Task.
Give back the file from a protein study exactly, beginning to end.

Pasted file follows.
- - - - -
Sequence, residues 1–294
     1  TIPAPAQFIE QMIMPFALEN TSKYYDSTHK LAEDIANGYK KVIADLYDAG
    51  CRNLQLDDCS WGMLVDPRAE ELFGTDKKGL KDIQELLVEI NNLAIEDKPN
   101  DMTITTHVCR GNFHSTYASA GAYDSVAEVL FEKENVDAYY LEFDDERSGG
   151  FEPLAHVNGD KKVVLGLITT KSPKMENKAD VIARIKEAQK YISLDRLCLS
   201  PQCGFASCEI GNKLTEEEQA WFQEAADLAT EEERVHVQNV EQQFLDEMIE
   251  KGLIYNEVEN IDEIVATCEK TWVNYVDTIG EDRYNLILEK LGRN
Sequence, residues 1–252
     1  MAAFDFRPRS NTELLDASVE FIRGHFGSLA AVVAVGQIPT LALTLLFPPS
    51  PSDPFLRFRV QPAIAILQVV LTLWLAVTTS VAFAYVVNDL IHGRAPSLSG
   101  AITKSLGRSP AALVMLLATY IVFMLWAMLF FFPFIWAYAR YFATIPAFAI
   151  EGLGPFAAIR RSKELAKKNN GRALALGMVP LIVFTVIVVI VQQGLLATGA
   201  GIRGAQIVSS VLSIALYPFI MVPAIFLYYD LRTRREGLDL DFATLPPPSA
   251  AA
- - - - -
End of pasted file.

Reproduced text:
Sequence, residues 1–294
     1  TIPAPAQFIE QMIMPFALEN TSKYYDSTHK LAEDIANGYK KVIADLYDAG
    51  CRNLQLDDCS WGMLVDPRAE ELFGTDKKGL KDIQELLVEI NNLAIEDKPN
   101  DMTITTHVCR GNFHSTYASA GAYDSVAEVL FEKENVDAYY LEFDDERSGG
   151  FEPLAHVNGD KKVVLGLITT KSPKMENKAD VIARIKEAQK YISLDRLCLS
   201  PQCGFASCEI GNKLTEEEQA WFQEAADLAT EEERVHVQNV EQQFLDEMIE
   251  KGLIYNEVEN IDEIVATCEK TWVNYVDTIG EDRYNLILEK LGRN
Sequence, residues 1–252
     1  MAAFDFRPRS NTELLDASVE FIRGHFGSLA AVVAVGQIPT LALTLLFPPS
    51  PSDPFLRFRV QPAIAILQVV LTLWLAVTTS VAFAYVVNDL IHGRAPSLSG
   101  AITKSLGRSP AALVMLLATY IVFMLWAMLF FFPFIWAYAR YFATIPAFAI
   151  EGLGPFAAIR RSKELAKKNN GRALALGMVP LIVFTVIVVI VQQGLLATGA
   201  GIRGAQIVSS VLSIALYPFI MVPAIFLYYD LRTRREGLDL DFATLPPPSA
   251  AA